1. Make sure your child has proper life insurance. For many families, sending a child to college means taking out loans.  These loans come in two types: Federal and Private.  If anything were to happen to a student who is still paying off a federal loan, all debt would disappear at death.  However, this is not the case with a private loan.  Most private loans require a co-signer, whether it is a parent or a spouse, who would take on the responsibility of paying.  Be aware that sometimes banks will require an accelerated rate of payment or even demand to receive all of the money immediately.  This is why adequate life insurance for your student is important.  A good policy will help soften the blow of these payments.

    1. Teach them the basics. In some ways, dorm life is like summer camp, but it can feel overwhelming (especially in the last weeks before move in day).  Your 18 year old probably has basic life skills down, but it doesn’t hurt to go over a few things before they leave for a sense of security.  Teach them how a bank account works and how to cook basic things like pasta or brownies.  If they are going to school in the city, go over the public transportation system.  Have them download Venmo, an app that allows you to transfer money to and from your friends (or your parents).  Not many people keep cash on them at school, so it is very helpful.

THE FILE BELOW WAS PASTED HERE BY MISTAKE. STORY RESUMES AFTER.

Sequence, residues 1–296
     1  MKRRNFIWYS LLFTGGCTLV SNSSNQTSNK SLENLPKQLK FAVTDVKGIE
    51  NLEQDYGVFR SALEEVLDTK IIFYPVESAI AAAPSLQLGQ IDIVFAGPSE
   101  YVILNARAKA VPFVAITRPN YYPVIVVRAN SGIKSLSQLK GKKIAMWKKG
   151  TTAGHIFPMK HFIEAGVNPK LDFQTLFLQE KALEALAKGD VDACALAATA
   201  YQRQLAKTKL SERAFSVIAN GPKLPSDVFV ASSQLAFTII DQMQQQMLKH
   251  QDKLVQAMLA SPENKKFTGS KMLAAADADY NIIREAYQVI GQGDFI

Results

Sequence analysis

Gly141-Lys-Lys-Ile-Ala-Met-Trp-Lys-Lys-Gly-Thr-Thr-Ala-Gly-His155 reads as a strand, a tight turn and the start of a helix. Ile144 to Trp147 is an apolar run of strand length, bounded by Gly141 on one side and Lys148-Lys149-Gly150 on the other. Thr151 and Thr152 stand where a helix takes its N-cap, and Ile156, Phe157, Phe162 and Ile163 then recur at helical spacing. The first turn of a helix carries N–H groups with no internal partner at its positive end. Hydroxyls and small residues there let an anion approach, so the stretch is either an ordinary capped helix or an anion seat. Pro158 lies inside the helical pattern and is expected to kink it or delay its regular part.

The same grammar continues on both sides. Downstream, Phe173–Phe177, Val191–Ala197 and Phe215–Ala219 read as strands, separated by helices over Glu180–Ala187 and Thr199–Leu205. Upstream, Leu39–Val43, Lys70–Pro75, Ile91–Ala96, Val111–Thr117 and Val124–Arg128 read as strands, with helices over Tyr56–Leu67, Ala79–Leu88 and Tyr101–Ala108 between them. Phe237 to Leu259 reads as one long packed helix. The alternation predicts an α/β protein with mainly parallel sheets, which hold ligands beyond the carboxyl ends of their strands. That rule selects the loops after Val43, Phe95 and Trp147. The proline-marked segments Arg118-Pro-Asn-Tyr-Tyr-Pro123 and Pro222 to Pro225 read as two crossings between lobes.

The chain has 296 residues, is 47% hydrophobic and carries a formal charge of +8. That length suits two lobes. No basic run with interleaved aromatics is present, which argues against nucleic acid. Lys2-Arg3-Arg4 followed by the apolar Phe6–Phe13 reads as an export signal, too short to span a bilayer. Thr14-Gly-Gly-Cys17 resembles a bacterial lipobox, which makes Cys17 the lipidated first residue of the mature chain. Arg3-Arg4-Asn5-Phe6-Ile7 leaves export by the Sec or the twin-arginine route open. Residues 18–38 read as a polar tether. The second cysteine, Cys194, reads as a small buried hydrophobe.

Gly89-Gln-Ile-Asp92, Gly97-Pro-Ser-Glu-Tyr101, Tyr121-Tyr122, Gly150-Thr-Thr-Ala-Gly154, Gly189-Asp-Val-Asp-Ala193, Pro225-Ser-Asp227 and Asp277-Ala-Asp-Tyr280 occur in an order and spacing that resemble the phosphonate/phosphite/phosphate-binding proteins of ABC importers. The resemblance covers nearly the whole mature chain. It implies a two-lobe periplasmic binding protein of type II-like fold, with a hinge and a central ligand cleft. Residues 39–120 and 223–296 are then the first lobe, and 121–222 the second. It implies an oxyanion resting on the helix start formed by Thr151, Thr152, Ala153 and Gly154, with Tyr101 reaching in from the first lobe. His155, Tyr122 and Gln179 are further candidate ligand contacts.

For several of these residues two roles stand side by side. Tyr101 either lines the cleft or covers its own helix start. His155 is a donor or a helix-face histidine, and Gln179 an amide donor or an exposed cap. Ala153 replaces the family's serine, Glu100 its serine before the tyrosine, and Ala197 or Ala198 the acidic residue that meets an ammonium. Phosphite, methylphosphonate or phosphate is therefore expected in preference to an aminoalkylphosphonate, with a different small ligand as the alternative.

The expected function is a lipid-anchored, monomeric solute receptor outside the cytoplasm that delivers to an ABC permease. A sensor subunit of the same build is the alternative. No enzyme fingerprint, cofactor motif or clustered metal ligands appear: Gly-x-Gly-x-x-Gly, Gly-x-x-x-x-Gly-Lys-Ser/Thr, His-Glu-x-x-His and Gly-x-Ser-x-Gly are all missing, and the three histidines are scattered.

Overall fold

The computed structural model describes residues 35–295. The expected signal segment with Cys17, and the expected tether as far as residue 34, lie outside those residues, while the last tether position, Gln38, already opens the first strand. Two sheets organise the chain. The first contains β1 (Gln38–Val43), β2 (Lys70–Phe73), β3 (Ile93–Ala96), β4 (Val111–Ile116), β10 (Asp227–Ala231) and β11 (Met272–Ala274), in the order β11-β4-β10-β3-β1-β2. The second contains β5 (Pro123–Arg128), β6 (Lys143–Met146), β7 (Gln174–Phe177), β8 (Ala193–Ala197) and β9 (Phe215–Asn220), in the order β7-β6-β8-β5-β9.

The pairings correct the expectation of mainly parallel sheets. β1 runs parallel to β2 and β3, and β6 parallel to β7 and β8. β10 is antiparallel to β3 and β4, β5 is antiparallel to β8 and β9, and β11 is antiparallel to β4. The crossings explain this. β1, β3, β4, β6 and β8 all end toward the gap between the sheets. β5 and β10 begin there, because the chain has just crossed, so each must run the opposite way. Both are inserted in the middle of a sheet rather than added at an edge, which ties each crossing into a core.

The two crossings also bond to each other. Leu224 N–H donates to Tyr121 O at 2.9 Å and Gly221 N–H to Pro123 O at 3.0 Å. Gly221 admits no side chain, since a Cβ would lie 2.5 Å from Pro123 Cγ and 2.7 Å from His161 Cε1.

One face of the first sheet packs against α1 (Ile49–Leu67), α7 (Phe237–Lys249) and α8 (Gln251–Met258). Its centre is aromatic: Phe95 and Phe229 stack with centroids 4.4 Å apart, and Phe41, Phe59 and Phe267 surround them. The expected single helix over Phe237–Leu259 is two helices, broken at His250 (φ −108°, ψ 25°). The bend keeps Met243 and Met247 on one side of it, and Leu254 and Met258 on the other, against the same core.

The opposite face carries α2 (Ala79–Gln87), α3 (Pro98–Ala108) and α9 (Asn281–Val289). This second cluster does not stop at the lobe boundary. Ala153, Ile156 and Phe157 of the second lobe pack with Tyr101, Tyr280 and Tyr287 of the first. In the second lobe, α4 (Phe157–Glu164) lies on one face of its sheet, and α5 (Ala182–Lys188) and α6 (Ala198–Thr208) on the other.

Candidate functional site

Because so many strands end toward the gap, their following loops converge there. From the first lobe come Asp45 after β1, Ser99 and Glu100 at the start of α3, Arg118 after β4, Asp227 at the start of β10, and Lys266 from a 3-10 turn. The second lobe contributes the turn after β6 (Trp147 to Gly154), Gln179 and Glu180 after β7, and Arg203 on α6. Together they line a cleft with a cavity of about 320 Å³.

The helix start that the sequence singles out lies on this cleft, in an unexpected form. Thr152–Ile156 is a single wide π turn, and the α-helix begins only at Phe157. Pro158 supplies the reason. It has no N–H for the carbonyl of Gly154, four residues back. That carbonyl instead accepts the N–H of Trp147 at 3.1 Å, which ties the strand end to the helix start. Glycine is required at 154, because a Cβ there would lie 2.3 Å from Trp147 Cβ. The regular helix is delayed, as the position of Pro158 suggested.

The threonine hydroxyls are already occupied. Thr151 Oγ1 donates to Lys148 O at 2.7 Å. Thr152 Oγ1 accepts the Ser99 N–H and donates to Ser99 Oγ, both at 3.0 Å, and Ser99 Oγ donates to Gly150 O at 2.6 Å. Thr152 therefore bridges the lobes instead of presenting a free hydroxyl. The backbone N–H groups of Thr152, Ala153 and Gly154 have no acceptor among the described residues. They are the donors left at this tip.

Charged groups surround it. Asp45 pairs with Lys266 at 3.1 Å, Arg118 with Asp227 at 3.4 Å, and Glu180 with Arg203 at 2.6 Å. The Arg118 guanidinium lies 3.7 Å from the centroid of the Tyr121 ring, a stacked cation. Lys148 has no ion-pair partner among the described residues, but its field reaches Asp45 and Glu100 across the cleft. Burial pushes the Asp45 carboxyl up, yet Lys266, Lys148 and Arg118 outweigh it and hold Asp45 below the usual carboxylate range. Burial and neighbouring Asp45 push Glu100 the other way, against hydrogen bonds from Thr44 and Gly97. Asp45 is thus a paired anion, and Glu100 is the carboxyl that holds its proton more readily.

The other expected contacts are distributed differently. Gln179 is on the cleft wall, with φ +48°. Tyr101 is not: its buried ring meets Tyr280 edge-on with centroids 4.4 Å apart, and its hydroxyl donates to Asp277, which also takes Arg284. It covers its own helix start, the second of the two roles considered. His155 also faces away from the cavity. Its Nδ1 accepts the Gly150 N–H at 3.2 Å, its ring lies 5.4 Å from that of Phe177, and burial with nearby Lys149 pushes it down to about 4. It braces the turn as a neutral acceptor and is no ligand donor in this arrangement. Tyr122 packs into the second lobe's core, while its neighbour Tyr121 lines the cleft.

1. Educate your child about identity theft. Although this may seem a little bit extreme, college students are easy targets for identity and credit card fraud as they are on their own for the first time and may not be as cautious.  Make sure your child knows their social security number, but warn them to share it sparingly and to keep any physical documents where it is listen in a safe place.  Also, when asked for personal information from the school, both you and your child should ask why the information is needed and how it will be used.

    1. Get an “Away at School” discount on your auto insurance. Most companies will offer a discount on auto insurance while your child is away because they will not be using the car.  In order to get this discount the school must be at least 100 miles away from where you live.  This discount is not applicable if your child brings their car to school, but it is still important to call your insurance agency if they are bringing a car with them, as adjustments must be made to your policy.